AFib and Fatigue Management
Although I’m a certified diabetes educator (CDE), my first couple of nursing jobs were on a telemetry unit. I worked as an LPN and an RN with heart patients – many of whom had atrial fibrillation (AFib).
Some of our AFib patients came in with dangerously high heart rates. One of the complaints I heard from these patients? “I was tired for a while; then I felt my heart fluttering and beating really fast, so I went to the emergency department.”
So, what’s behind AFib and fatigue? It seems pretty common amongst AFib patients, so let’s take a look.
AFib by the Numbers
First, how common is AFib?
AFib is the most common heart arrhythmia. It affects anywhere from 2.7 million to 6.1 million Americans – and that number is only expected to rise as the population ages. It is estimated that two percent of the population under the age of 65 suffer from AFib, while nine percent of the population over the age of 65 have AFib.
AFib is responsible for approximately 750,000 hospitalizations yearly. It also contributed to 130,000 deaths annually. The death rate related to AFib (whether as the primary or contributing cause) has been increasing over the past 20 years.
And AFib is costly to Americans – it costs the US $6 billion annually. People with AFib incur an additional $8.705 in medical costs yearly, compared to their counterparts without AFib.
What Causes Fatigue?
Knowing how many people suffer from AFib, that is probably also a lot of people who are feeling fatigue!
So, what causes fatigue related to AFib?
This is a loaded question.
The patients that I was seeing as inpatients were coming in with critically high heart rates. What I mean by that is their hearts were beating at rates of upwards of 180 beats per minute. Keep in mind that the resting heart rate should be 60 to 100 beats per minute, depending on your health status. If your heart is beating 60 to 120 beats faster than normal, especially for an extended period of time, you’re going to feel fatigue. In a critical situation, we often call this “high-rate AFib” or “AFib with rapid ventricular response (RVR).”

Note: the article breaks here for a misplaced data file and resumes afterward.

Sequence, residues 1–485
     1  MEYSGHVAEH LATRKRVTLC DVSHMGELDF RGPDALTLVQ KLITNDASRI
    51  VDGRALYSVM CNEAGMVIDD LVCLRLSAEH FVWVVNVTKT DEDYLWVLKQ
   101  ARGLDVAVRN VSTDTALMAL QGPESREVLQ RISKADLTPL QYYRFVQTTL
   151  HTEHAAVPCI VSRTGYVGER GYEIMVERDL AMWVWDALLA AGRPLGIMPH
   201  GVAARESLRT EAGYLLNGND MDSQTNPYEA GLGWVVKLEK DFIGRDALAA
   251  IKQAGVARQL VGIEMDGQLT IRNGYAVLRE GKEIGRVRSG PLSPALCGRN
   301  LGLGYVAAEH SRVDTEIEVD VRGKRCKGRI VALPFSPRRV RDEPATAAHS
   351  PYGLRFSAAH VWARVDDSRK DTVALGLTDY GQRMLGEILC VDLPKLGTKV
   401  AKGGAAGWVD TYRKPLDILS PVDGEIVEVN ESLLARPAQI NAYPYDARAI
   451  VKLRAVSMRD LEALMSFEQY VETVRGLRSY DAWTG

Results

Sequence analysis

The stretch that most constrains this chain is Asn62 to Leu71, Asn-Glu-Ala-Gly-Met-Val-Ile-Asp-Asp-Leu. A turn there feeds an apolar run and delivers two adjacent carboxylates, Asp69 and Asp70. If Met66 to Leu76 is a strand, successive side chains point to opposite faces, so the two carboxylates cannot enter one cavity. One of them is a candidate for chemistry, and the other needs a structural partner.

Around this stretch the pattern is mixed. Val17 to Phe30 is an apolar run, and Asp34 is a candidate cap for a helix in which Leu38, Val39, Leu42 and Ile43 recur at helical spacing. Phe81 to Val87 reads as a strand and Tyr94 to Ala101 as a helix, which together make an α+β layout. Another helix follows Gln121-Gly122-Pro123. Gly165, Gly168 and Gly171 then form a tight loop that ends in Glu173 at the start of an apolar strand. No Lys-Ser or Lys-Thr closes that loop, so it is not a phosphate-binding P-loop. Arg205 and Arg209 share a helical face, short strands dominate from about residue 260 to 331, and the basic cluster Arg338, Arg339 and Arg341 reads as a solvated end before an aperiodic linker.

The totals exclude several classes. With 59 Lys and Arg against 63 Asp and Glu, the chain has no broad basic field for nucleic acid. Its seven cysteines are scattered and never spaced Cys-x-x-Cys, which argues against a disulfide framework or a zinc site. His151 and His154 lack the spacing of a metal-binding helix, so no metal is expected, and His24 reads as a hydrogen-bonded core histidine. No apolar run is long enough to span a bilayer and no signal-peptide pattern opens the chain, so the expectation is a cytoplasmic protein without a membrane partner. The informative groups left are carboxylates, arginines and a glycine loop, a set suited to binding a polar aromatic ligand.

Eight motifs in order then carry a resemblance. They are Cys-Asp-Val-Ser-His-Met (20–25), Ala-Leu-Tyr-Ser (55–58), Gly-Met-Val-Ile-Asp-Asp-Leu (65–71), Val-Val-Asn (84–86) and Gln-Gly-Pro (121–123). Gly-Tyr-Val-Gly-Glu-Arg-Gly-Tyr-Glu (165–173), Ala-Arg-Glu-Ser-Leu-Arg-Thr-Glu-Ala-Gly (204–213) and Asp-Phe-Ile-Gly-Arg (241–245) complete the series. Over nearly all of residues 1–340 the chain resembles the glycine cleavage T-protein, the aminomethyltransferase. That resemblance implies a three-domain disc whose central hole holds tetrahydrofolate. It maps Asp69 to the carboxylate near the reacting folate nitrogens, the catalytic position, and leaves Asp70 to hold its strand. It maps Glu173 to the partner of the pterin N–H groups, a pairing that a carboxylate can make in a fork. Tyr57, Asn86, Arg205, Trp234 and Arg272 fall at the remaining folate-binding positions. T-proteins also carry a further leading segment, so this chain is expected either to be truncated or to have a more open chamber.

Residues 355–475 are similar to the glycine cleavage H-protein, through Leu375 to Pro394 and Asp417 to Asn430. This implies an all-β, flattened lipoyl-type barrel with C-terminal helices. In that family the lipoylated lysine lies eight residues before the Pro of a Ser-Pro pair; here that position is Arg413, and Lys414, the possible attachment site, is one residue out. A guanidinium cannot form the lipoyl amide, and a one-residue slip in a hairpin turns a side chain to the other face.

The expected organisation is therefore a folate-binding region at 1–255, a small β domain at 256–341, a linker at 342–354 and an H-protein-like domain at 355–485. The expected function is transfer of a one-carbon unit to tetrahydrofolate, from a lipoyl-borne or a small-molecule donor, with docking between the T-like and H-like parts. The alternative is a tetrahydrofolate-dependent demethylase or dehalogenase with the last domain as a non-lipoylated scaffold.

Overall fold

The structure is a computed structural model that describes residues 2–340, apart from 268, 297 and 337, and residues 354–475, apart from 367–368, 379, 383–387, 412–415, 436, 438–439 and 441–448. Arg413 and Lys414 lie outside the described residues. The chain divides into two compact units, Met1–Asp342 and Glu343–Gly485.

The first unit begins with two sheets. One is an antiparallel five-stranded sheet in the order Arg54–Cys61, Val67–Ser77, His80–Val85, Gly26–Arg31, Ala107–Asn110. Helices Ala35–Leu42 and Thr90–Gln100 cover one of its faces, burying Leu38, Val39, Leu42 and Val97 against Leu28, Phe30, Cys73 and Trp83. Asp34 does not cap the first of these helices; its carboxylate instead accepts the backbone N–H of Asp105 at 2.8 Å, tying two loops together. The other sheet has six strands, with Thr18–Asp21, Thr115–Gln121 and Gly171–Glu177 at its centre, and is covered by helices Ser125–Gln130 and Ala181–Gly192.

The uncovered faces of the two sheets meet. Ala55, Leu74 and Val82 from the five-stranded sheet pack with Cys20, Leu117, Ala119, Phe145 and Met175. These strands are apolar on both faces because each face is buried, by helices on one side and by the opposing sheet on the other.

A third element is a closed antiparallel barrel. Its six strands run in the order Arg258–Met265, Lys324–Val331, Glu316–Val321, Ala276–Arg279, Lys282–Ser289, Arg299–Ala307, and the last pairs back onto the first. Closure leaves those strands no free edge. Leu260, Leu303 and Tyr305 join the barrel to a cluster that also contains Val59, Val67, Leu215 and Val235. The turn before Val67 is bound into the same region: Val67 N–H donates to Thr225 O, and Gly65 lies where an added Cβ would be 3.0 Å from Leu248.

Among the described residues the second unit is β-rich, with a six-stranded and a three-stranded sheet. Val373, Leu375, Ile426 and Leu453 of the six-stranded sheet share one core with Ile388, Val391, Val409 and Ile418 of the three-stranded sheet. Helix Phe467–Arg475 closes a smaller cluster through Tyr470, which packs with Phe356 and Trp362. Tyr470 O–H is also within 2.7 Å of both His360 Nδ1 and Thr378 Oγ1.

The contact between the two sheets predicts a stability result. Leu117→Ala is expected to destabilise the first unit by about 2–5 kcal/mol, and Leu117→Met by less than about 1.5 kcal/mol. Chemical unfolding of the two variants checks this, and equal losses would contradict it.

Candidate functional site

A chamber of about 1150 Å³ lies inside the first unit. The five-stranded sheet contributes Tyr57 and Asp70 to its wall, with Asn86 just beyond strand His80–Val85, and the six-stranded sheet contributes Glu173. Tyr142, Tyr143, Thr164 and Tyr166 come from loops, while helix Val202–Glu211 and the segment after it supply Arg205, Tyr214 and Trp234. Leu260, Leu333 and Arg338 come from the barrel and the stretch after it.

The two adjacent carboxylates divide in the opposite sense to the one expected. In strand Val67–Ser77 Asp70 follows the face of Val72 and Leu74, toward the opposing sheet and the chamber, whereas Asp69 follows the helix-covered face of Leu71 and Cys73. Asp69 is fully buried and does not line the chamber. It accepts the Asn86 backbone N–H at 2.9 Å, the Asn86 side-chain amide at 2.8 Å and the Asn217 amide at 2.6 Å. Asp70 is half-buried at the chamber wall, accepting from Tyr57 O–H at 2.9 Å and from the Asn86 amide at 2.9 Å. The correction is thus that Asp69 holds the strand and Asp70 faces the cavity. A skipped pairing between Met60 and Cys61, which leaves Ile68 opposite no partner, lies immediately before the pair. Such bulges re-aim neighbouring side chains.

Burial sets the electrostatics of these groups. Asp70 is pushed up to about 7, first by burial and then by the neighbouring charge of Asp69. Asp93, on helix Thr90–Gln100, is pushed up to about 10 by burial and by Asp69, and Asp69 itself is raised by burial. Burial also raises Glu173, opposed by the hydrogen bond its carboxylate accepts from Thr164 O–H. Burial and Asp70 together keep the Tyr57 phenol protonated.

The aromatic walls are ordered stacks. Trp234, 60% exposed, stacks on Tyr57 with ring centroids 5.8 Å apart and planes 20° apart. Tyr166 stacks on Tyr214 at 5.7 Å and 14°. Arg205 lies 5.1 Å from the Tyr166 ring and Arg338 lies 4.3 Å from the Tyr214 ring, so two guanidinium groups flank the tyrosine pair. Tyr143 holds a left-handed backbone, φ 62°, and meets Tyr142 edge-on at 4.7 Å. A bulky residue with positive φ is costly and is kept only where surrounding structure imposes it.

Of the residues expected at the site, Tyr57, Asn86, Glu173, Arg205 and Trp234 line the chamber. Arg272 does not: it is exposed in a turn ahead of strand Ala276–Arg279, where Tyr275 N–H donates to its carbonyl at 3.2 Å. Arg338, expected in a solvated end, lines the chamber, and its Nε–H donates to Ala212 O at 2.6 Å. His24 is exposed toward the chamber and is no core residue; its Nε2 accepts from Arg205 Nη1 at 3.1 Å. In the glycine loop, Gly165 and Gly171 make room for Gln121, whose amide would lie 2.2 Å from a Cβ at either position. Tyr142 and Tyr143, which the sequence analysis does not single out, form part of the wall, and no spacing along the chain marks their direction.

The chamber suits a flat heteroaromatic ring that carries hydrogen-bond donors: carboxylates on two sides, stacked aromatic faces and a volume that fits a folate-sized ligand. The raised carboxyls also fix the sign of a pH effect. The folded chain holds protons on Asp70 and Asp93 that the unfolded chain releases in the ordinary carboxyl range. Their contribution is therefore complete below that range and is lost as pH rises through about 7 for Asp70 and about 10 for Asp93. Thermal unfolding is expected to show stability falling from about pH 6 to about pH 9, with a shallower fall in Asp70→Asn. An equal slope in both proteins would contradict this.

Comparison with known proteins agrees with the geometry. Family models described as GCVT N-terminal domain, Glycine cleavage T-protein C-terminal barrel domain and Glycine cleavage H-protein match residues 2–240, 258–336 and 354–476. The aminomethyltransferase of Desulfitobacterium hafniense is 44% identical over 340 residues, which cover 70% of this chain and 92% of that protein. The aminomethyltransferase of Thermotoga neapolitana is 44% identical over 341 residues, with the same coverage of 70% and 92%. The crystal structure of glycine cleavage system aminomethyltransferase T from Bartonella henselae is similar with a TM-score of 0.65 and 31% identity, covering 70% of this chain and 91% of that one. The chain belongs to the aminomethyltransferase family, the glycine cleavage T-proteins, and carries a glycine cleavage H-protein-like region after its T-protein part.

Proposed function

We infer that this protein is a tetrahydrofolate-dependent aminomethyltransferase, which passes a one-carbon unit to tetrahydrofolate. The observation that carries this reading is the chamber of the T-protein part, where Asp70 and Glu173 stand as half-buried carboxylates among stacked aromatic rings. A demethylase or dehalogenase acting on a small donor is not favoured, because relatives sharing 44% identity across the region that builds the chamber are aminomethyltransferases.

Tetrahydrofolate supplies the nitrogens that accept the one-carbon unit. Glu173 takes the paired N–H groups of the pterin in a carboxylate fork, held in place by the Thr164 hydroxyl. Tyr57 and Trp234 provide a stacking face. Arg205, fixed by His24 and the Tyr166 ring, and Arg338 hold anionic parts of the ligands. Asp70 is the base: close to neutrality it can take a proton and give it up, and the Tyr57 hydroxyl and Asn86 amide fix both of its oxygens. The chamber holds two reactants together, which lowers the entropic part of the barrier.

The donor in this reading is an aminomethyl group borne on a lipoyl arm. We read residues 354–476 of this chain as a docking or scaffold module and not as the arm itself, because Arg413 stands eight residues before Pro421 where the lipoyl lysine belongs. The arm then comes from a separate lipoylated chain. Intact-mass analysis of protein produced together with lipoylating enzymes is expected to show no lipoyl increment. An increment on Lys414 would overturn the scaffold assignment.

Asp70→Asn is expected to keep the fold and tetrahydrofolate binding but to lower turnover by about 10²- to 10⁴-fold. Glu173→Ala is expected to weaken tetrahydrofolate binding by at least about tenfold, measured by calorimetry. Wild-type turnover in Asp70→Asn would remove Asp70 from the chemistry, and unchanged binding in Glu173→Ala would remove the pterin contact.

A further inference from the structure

But what if your heart isn’t beating rapidly and you feel fatigued?
Well, AFib can lead to heart failure. The heart isn’t beating effectively when it is in this abnormal heart rhythm.
According to the American Heart Association, “The heart is beating so fast that it never properly fills up with blood to pump out to the body… Oxygen-rich blood is not being delivered to the body and brain, causing physical and mental fatigue and reduced stamina. Fluid also can build up in the feet, ankles, and legs, causing heart-failure related weight gain.”
If you’re not controlling your heart condition, you are setting yourself up for fatigue, as well as other complications.
How to Treat AFib-Related Fatigue
It should come as no surprise that if you have AFib, with or without fatigue, you should seek treatment from a cardiologist – specifically a cardiologist with expertise in treating AFib, called an electrophysiologist. An electrophysiologist can help to determine if you require advanced treatment options that require electricity, or if your heart rhythm can be treated with lesser options, such as medications.
Short of consulting an expert opinion, there are several things that you can do to promote better health – which can hopefully improve fatigue.
Improving your diet is important! If you take warfarin, you may need to watch your vitamin K intake, but that is beyond the scope of this article. However, a heart-healthy diet is recommended. This means limiting the amount of salt in your diet. You may choose to utilize salt substitutes and/or use other spices/seasonings and fresh herbs instead. Alcohol and caffeine are also known to trigger AFib, so limiting your intake, or cutting it out completely, is recommended.
Getting regular exercise is recommended for most individuals, although you should be cleared by your physician before beginning an exercise routine. Your physician should tell you what type of exercise and how much exercise is safe for you to do. According to the American Heart Association, regular physical activity is important because it…
- Helps you get a good night’s rest by regulating biological rhythms. This can combat fatigue.
- Helps you maintain a positive attitude.
- Can help you maintain (or lose) weight.
Relax when you need to. Depression and anxiety can lead to feelings of fatigue. They can also lead to feelings of helplessness and hopelessness. According to the American Heart Association, “To break the cycle, you will likely need a deliberate plan to schedule pleasant events. Make and follow a plan, even though you may not want to.” Reach out for help if you need assistance.